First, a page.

This week’s BEACON Researchers at Work blog post is by University of Texas postdoc Alex Jordan (www.alexjordan.org).
The Rift Lakes in Africa, one of which has been famously dubbed “Darwin’s Dreampond,” are perhaps the best places on earth to visualize the process of evolution. The multitudinous species, with their dazzling array of colors, shapes, and life-histories give a first-hand insight into the incredible power of natural and sexual selection to generate natural splendor. Seconds after diving into the water, you will have seen ten or more species, from maternal crevice nesters to biparental mouthbrooders, from ambush predators that mimic a rotting corpse to streamlined laterally compressed assassins, and from bright metallic blue and yellow fusiforms to deep red and black algae-grazers. All these species come from a handful of known founder taxa, with well characterized evolutionary histories. There is no place like this on earth, and it’s where I do my research whenever I am able, and whenever I’m not, I content myself with bringing them into the lab and watching them there.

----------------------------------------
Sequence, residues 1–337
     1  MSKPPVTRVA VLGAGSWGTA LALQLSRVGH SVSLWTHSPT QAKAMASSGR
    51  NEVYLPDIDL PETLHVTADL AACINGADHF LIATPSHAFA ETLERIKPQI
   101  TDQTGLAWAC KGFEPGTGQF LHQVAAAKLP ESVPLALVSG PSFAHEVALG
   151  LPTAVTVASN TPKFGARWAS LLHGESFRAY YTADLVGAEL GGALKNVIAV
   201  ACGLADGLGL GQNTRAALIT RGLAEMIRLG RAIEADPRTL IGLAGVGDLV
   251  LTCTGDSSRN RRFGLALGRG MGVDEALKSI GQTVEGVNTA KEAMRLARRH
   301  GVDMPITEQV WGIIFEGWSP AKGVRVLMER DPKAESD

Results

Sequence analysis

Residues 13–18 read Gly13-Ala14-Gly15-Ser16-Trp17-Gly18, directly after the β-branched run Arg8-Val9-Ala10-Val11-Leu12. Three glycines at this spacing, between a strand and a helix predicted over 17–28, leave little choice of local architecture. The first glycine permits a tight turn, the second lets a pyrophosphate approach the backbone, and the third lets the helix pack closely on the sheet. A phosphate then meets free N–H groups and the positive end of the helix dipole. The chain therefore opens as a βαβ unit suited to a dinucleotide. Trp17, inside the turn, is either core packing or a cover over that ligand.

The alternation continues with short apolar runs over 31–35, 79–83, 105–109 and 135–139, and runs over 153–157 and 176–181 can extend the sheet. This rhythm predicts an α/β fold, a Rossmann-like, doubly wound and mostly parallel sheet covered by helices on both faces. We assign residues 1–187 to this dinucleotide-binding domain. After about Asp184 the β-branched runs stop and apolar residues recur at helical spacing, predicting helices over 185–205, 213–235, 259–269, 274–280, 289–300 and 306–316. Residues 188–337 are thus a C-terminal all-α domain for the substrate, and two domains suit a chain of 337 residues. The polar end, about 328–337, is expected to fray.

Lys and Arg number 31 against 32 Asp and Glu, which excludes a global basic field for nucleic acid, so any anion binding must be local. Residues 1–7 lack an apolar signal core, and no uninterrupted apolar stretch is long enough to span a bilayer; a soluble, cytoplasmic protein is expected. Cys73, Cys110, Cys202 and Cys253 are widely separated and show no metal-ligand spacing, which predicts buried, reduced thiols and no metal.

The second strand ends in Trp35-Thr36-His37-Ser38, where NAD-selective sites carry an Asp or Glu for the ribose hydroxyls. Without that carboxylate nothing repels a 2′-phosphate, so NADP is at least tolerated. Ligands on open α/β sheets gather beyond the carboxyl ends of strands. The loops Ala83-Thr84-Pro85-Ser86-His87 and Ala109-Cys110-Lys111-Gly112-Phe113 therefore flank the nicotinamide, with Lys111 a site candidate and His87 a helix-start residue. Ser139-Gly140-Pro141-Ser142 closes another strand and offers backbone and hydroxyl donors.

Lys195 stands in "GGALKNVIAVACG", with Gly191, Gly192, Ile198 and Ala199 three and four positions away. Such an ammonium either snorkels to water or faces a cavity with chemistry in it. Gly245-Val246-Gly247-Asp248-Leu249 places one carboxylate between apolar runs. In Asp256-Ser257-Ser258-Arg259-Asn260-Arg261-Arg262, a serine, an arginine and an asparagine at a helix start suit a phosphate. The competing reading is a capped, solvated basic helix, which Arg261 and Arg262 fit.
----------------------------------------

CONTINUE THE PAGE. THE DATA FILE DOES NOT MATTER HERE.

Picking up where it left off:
My name is Alex Jordan, and I’m a fish nerd. From early on in life I’ve kept fish, and worked through keeping and breeding most of the major groups, finally arriving at the cichlids. I got my first job in an aquarium store just after school, and only stopped working in them once I finished my PhD. These days, I’m the Integrative Biology Postdoctoral Fellow at the University of Texas at Austin, but I still spend most of my time looking into fish tanks. I am interested in how animals perceive and respond to changing social conditions, and how changes in individual behavior affect broader social networks. I seek to understand the cognitive, behavioral, and genetic basis for socially mediated plasticity in behavior. In essence, I want to know how who we are with affects what we do, and how what we do affects who we are with.